“Personally, my family had to downsize last year because I didn’t want to get in a situation where our property taxes reached an unsustainable level and would consume too large a percent of our income.”

“When my wife and I had kids, we moved out of Chicago for better schools and found
La Grange. It’s just a beautiful area.”

“When we bought in 1999, my property taxes were reasonable, at roughly $3,500 for a $290,000 house. If we hadn’t downsized this year, they would have easily been $15,000.”

“I would try to appeal it every time they reassessed, but it became tiring to keep trying to fight it. Then, really, all I’m doing is pushing the taxes on someone else, because somebody else has to pay.”

“We moved into a smaller ranch in La Grange Park, still close to our friends and family, and we were able to cut our taxes in half, essentially. But they are still incredibly high compared to other states. I have family in Arizona, Florida and Tennessee and the taxes are incredibly low there. I don’t think any other places are like this, except maybe New York and New Jersey.”

“I became frustrated with my property taxes rising so much all the time. I started doing
research, trying to understand why they are going up this ridiculous amount every year, and I came to the realization that it’s the pension crisis. Local and state pensions are driving property taxes to rise rapidly, and at the same time, crowding out other services.”

“The benefits some public sector employees receive are shocking, and it makes people such as myself a bit angry. Some of these state and city pension plans allow people to retire on 75% of their income after 30 years. Then they have ‘kickers,’ where some public sector employees can even turn in sick days or unused vacation time to receive additional benefits. Public pensioners also receive mandated yearly 3% ‘raises.’ They are called ‘cost of living adjustments,’ but I consider them ‘raises.’”

“Nowhere in the private sector can you receive a retirement package where you are able to retire on 75% of your income at the end of a 30-year career and then get a 3% wage increase every year for life, guaranteed. It’s just crazy.”

“I have tried to do the math on what it would take to earn similar benefits in the private sector, and not counting the health care benefits, private sector employees would need to save more than 50% of their salary and then put it aside into a fund that performed well in order to get that kind of a benefit after 30 years.”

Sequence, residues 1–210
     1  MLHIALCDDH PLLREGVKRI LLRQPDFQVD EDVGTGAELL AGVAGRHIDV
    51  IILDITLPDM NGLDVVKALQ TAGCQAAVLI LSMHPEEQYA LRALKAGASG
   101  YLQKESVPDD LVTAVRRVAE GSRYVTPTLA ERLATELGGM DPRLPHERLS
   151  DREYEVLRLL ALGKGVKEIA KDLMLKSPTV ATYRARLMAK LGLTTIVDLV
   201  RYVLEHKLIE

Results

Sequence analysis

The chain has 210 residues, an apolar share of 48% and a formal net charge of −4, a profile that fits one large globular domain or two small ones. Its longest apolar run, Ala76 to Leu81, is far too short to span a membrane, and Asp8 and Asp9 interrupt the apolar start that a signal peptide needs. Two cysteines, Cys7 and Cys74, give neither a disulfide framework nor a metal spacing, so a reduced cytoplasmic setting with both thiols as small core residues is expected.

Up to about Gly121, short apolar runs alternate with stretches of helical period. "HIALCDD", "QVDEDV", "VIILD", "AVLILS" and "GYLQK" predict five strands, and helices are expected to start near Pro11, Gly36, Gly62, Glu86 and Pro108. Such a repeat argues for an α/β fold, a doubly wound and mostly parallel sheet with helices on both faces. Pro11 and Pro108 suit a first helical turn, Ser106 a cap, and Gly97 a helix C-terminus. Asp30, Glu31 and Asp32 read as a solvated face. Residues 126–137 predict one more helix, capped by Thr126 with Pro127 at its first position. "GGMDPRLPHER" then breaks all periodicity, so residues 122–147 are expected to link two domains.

“I believe most public sector workers think they’re funding their retirement, but they’re not even coming close to fully funding them with the little contributions that they make compared to the payouts they receive.”

“I would think it would motivate people in the private sector to vote in change because there’s still more private-sector employees than public-sector employees in Illinois. It should be easy to change the Illinois Constitution and implement financial reforms, both to protect public sector employees, as well as the private sector.”

“Without changing the current system, we will continue to drive people out of Illinois and stifle economic growth. In addition, this crisis continues to pull money away from both social services and schools, which disproportionately hurts the lower-income parts of Chicago and the state.”

“It’s a shame because Illinois is such a great state. It has beautiful communities and a beautiful lakefront. There are so many things going for it.”

“I believe our government and public sector unions do not want to see benefits in the public pension system diminished and therefore they are forced to support the ever-increasing taxes and state borrowing programs. And as the private-sector taxpayers, we’re basically stuck trying to save for our own retirements while also being forced to finance the generous public-sector retirements.”

“Moving out of Illinois makes the equation much easier, but it means leaving family and friends. That’s the sad truth of it.”

Al Marogil
La Grange Park, Illinois